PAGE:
PS I’ll be talking more about overcoming life’s battles at a Coffee Talk this coming Sunday, September 17. Please consider joining us! Register now!

Change of Scenery

I’ve never been one who craves routine but raising four kids requires it. Doing the same thing day in and day out has never been appealing to me, however running a small business often demands it. Fortunately, this summer I have had the opportunity to travel quite a bit. Maybe not “travel” the way some of you are thinking. No European countries were visited. But, I have had the chance to “get out of town” quite a bit. I’ve worked really hard, however I have played even harder. As the summer comes to an end, I realize “change of scenery” is a necessity. 


Our demanding lives require a razor like focus, yet most of us feel distracted. Our schedules and the people around us want more, need more, and expect more than we are capable of giving. These expectations often lead to us to hyper focus on tasks that must be accomplished. That hyper focus demands our attention and we find ourselves so wrapped up in our day to day life that we go through life with blinders on, oblivious to what’s going on around us. 
This is where a “change of scenery” does us some good. Anything that is “away” from our routine. Away from demands and expectations of everyday life. God created a breathtaking world for us to explore, to enjoy, and to soak up! He didn’t create us to wallow in familiarity or to be swallowed up by routine and expectations. 


For some people this change of scenery may be Italy. Go. See. Explore. For others, it may be a two-hour drive north to the mountains. Go. See. Enjoy. Maybe your “change of scenery” is getting outside for a walk. Go. See. Walk. Maybe you need to appreciate everything in life you DO have. Maybe you need to see where God wants to lead you. Maybe you just need to rest.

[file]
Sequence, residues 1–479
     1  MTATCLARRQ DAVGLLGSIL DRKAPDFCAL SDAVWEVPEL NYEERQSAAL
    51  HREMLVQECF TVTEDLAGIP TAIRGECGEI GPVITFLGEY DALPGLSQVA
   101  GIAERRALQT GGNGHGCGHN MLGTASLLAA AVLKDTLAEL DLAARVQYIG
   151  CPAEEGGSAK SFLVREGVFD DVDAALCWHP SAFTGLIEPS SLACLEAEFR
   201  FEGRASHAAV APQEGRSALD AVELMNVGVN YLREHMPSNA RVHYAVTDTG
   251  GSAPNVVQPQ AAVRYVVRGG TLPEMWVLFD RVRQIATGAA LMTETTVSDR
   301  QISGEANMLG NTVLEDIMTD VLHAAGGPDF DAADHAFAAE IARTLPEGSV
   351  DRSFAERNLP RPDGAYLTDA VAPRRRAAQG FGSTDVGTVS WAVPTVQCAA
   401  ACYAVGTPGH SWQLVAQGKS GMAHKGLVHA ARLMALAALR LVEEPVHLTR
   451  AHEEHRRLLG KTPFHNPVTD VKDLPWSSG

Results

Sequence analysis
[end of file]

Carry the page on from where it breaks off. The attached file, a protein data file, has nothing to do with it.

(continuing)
Wherever it may be, God wants to meet you there. He has something to show you. He has something to tell you. He has an experience he wants you to have away from your routine. God always shows up in least likely places. 


Go. See. Explore. Enjoy. Walk. Rest. Meet with God in your “change of scenery”.

Jodi Diffey

Let His Belief Be

Dear Girl,

His belief in you is rugged enough to pursue you

His love for you immense enough to consume you

His grace towards you is endless enough to cover you

His nail scarred hands far reaching enough to hold you

His watchful eye thorough enough to find you

His heart beats tough enough to revive you

His promises are rooted enough to ground you

His mercy vast enough to free you

Let His belief move you, carry you, still you, shift you, grip you

Let His belief compel you, stir you, empower you, direct you, abide in you

Let His belief override your unbelief, uncertainty, uneasiness, unknowns

Let His belief 

Be

 

Sheri Hogan

Who do I need to be?

In our family, we have rules for our kids when they get cell phones, especially the first couple of years. Plug in the phone to charge in our room at night, limited texting, limited data, etc. When a rule is broken, the phone goes back to me for a period of time, anywhere from a day or two. My goal isn’t punishment; I want to help our kids use a phone safely and responsibly.

But this blog isn’t about cell phone rules.

Our youngest son Jake got his first cell phone this summer, right before he is entering junior high. He is learning the rules and doing a pretty good job. Two weeks go, he broke one of the rules and had forgotten to bring the phone to my room on time. This is an important rule to us because staying up late watching videos on a cell phone or texting is not a healthy habit for a teen. 

But this blog isn’t about cell phone rules.

Normally, I would have kept his phone through the next day as a consequence. Normally, I would have explained that he wasn’t in trouble, but that having the privilege of a cell phone comes with using it wisely. But…I was busy. But…I had my day all planned and Jake having a cell phone was important to me because I wanted to get ahold of him. So…I told him not to forget next time and let it go. 

This blog is about me.

You may be thinking we are too strict, or not strict enough. You may be wondering what the big deal is about letting the rule go one time. You may be right. But, the next day I was really bothered, and couldn’t figure out why. Then, it hit me…hard. I had been thinking about my day and my schedule. I missed a teachable moment and weakened our rules. Instead of thinking about Jake, I thought about me. Later that day, I took some time to ask God to help me be the mom that Jake needs. His needs are different now than they were two years ago, and I want to be there to help him grow into an awesome young man.

This blog is about all of us.

We all have situations and relationships that change, and at times, we need to change as well. In all ways and on all days He will help us be the person we need to be.

-Kim